What parent hasn’t told a child at some point or another to quit horsing around? While figurative horsing around is frowned upon, everyone loves literal horsing around on the first Saturday in May. Why? That’s when the Kentucky Derby takes place, and all eyes are focused on twenty horses running around the track at Churchill Downs.
Not a big racing fan? No matter. The Kentucky Derby isn’t just a race; it is THE race and quite an event. In fact, it is the longest running sporting event in the United States, dating back to 1875.
Don’t blink or you might miss the race itself. The Kentucky Derby has been dubbed “The Greatest Two Minutes In Sports.” That’s a pretty short period of time, so bathroom breaks should be planned accordingly. The dirt track is only 1 1/4 miles long, and galloping three year old thoroughbred horses traverse that length in no time flat.
The shortness of the race is in stark contrast to the vast amount of spectators watching it. Physically present is a crowd of over 150,000; a record crowd of 170,513 were there in 2015.. That’s a much greater gathering than for a World Series game or even the Super Bowl. And millions more are watching the event out in TV land.
Just what’s so special about the “Run For The Roses?” Well, the winning horse garners not only a rose garland of over 400 red roses sewn into a green satin backing but a $2 million purse. That’s a lot of hay for the owner!
Everyone can participate in the financial aspect of the race because betting is not only allowed, but it is encouraged. Odds are posted as to the likelihood of a particular horse winning. The horse favored to win will not provide as big a payoff as that of a figurative dark horse winner.
Me? I’m not a gambler. Even if I were, I know nothing about horses beyond the fact that they have tails, four legs, eat oats and run. I wouldn’t have a clue how to skillfully bet on the race entrants.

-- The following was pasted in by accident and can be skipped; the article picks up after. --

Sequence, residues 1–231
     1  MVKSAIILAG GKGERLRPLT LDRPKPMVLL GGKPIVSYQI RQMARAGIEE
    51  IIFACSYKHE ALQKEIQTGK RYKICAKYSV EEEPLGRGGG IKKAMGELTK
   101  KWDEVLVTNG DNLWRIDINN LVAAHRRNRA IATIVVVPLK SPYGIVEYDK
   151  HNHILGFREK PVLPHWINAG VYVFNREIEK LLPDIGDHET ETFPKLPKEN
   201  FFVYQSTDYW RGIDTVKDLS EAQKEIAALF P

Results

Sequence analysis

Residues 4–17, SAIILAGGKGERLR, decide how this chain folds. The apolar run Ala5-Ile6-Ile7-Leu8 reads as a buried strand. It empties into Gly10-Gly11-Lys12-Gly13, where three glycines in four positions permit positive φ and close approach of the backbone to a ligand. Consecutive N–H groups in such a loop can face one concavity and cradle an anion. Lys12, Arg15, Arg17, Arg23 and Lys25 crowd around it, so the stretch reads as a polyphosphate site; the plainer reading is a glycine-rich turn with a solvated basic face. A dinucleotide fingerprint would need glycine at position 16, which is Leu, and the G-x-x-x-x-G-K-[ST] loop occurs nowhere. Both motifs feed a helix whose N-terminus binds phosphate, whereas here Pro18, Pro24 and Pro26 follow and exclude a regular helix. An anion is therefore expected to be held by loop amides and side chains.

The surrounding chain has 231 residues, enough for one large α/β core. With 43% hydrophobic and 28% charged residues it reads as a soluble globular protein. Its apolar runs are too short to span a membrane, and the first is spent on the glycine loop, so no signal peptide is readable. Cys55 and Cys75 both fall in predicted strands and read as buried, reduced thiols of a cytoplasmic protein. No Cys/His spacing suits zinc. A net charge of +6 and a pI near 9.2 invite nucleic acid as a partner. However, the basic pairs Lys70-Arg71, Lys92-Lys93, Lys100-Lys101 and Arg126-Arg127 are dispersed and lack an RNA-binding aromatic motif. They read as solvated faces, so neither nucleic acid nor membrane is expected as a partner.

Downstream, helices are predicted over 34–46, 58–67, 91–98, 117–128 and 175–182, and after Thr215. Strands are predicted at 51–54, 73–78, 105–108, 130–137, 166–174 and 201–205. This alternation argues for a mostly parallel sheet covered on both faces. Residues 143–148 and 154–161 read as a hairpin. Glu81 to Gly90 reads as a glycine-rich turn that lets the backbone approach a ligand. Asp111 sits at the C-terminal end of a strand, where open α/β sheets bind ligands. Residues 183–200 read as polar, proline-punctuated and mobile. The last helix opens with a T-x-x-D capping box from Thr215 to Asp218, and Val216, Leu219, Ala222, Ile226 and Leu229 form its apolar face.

My personal strategy is to cheer for the horse whose name I like the best. Entrant Vino Rosso’s name makes me scratch my head. What does wine have to do with a horse? Just what were that horse’s owners drinking when they came up with that name? Possibly red wine? This year I’ll be rooting for Enticed. Why? The name is simply enticing to me.
And if you aren’t enticed by the sport itself, who wouldn’t enjoy the social event that the Kentucky Derby is beyond the race? The hat is the focus of Derby fashion. My hat’s off to all those ladies who sport impressive, fashionable and sometimes humorous hats at the track. Perhaps this would be a year to tip your hat to Kate Middleton by wearing a fascinator. This royal mom of three has pushed the fascinator trend. You have to admit that a smaller fascinator secured to your head by a comb or headband is much more practical for a mom of three as well as for female racegoers.
And to keep your spirits up before and after the race (hey, there will be nineteen losing horses out of twenty), spirits flow freely. The drink of the day for Derby Day is a mint julep. Racegoers in their fancy hats can daintily sip this alcoholic concoction before letting it all hang out during the race by screaming and yelling for the thoroughbred on which their betting dreams ride.
According to the official Kentucky Derby site, more than 120,000 mint juleps are served over Derby weekend. To meet this drink demand, over 10,000 bottles of bourbon, 60,000 pounds of ice and a thousand pounds of freshly harvested mint is required. The mint leaves are muddled to make this alcoholic beverage.
In my mind the connection between a horse race and a mint julep is pretty muddled. The origin of the word “julep” might provide a clue. “Julep” is derived from the Spanish “julepe” which ultimately derives from a Persian word meaning “rosewater.” Ah ha! The winning horse will no doubt be thirsty from that running, but instead he is treated to a garland of roses to adorn him. Roses are attractive, but not thirst-quenching.
Music also plays a traditional part in the horsing around at the Kentucky Derby. The University of Louisville band plays the Stephen Foster ballad “My Old Kentucky Home” as the horses are paraded before the grandstand pre-race. At that point in time, the horses are probably ready to head home to the comfort and quiet of their stable; the Kentucky racetrack is full of loud noises, other horses and tons of people.
I don’t live in Kentucky, but I will be watching the 2018 race from the comfort of my old Florida home. Just for fun I might don a hat and fix a mint julep. If my horse wins, why I might even be enticed to raise a glass of vino rosso in celebration.
Just WONDER-ing: Have you ever attended a horse race? Would you attend the Kentucky Derby if given the chance?
3 thoughts on “Horsing Around”
The Kentucky Durby is on Cinco De Mayo. Does that mean the ment julips will be made with taqueria? My Kentucky Home followed by La Bomba? And the best hat to sport for the event might be the sombrero?
You post the most interesting things. I knew nada about the Kentucky Derby but now I feel I could possibly talk coherently with someone about it! LOL Probably would not go either. I would rather go see friends or family….